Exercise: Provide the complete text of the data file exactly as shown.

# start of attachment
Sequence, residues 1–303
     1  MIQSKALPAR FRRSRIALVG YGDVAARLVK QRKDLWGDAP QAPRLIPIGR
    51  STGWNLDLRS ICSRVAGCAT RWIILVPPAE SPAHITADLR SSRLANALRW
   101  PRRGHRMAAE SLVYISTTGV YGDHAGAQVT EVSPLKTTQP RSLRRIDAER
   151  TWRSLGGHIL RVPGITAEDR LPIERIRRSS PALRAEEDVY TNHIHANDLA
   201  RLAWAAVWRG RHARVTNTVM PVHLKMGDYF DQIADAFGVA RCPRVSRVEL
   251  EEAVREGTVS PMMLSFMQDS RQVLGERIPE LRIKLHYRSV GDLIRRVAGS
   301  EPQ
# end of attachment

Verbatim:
Sequence, residues 1–303
     1  MIQSKALPAR FRRSRIALVG YGDVAARLVK QRKDLWGDAP QAPRLIPIGR
    51  STGWNLDLRS ICSRVAGCAT RWIILVPPAE SPAHITADLR SSRLANALRW
   101  PRRGHRMAAE SLVYISTTGV YGDHAGAQVT EVSPLKTTQP RSLRRIDAER
   151  TWRSLGGHIL RVPGITAEDR LPIERIRRSS PALRAEEDVY TNHIHANDLA
   201  RLAWAAVWRG RHARVTNTVM PVHLKMGDYF DQIADAFGVA RCPRVSRVEL
   251  EEAVREGTVS PMMLSFMQDS RQVLGERIPE LRIKLHYRSV GDLIRRVAGS
   301  EPQ